JL: Well, it’s changed a lot since ’99. But overall it will be a great test for the US Open. It’s going to require precision. But looking at how they’ve established golf courses in recent years, they’re also going to reward a guy if he can hit the ball from a long distance but keep it in play. It will be fun to get back up there; It’s probably been nine or ten years. To see it set up and to see some of the changes they’ve made, I’m excited about that.

DD: You recently said that you hear about 30 Ryder Cup comments for every other comment you get about your career. Was it an exaggeration? You like? Do you ever get tired of it?

JL: No, that’s quite true. Unless it’s the Open Championship or the Players. [tournaments Leonard won, respectively, in ’97 and ’98], the other 50 weeks of the year, it’s probably 20 to 30 to one, Ryder Cup to everything else. I don’t get tired of it at all. The Ryder Cup is unlike anything else because people have a vested interest. You’re rooting for the US, you’re rooting for Europe, even if you’re not from either place, you’ve probably taken sides. When I won the Open, there weren’t many people supporting me outside of my own family. The same in the Players. But when you can add a team element, where people have a vested interest, that’s why I get the amount of feedback that I do. People were shooting for us.

DD: When you think about that putt, that pivotal Sunday and the celebration that followed, what stands out?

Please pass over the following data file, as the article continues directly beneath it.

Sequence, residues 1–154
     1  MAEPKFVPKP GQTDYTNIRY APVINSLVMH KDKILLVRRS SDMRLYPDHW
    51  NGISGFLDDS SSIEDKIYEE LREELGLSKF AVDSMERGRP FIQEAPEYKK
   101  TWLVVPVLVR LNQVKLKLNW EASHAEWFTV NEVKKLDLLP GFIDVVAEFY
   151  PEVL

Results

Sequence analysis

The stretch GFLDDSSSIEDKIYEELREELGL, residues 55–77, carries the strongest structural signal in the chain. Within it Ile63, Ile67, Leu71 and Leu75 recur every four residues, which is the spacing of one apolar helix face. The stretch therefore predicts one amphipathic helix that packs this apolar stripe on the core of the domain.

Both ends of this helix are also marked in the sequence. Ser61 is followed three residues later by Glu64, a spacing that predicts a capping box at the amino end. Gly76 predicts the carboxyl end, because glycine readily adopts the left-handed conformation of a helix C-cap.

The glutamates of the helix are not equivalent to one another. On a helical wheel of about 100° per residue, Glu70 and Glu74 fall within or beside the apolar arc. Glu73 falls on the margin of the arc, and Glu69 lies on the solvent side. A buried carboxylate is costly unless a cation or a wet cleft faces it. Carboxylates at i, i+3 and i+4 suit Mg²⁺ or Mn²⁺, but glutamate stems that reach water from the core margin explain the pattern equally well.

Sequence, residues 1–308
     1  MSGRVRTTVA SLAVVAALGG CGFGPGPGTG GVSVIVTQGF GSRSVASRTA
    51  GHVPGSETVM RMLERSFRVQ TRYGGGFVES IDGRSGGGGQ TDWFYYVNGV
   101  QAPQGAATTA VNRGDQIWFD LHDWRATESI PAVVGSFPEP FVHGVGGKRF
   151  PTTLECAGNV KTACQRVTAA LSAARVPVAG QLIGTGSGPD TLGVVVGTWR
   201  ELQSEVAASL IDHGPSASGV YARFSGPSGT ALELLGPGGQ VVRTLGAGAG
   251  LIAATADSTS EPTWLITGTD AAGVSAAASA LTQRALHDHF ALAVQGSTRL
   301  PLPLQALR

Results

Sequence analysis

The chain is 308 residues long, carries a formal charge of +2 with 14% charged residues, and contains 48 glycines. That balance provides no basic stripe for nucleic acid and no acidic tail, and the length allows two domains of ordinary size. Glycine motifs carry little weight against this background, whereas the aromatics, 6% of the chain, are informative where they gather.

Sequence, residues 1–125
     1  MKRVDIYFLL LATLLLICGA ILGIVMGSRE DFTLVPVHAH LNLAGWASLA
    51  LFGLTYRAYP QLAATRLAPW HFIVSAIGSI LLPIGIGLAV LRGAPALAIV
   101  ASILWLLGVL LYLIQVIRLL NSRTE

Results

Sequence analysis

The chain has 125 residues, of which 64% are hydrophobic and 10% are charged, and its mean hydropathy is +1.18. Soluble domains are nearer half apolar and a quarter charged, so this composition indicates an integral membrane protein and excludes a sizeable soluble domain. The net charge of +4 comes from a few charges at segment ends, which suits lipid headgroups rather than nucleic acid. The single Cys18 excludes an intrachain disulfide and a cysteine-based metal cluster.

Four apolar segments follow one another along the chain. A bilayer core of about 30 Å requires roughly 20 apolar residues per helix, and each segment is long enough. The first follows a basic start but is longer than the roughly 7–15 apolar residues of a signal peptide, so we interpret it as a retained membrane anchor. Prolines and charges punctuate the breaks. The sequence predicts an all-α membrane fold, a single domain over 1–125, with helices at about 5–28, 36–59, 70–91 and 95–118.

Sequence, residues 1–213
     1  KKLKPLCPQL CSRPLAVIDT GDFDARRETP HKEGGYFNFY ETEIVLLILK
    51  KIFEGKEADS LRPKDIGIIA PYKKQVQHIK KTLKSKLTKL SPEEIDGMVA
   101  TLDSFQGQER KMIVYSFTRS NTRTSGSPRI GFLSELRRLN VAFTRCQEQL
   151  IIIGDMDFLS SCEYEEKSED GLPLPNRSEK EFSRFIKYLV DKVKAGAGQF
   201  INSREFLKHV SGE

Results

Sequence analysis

JL: It’s the moments leading up to that putt that made it important. It was Davis Love III coming back, when he was on 10th or 11th fairway, and telling me that he was coming to watch my game. It was Phil Mickelson sitting at breakfast, 45 minutes before his tee time, not taking the field until he felt we could win as a team. And then all of a sudden, two or three minutes later, he didn’t say a word, he just got up and left. Even going back to last night, Saturday night, when we got the matchups and we thought, you know, this is pretty well set up for us. It was all the little moments that led to that putt even making the difference.

DD: You brought out that, let’s face it, awful jersey at the last Ryder Cup, after saying it had been sitting in a closet for 22 years. How does it feel that perhaps the most famous moment in US Ryder Cup history came while wearing possibly the most dubious jersey in Cup history?

JL: [Chuckling] I am often asked about the jersey, in fact, last weekend. You know, it was a good idea, just impossible to execute. Portraits of all the winning Ryder Cup teams printed on a t-shirt? A great idea for, like, a quilt. Maybe the inner lining of a sports jacket. But wear that as a shirt? It was a bold move. Fortunately, it was worth it.

dylan dethier

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Dylan Dethier is a Senior Writer for GOLF Magazine/ The Williamstown, Massachusetts native joined GOLF in 2017 after two years fighting on the mini-tours. Dethier is a 2014 graduate of Williams College, where he majored in English, and is the author of 18 in Americadetailing the year he spent at age 18 living out of his car and playing a round of golf in every state.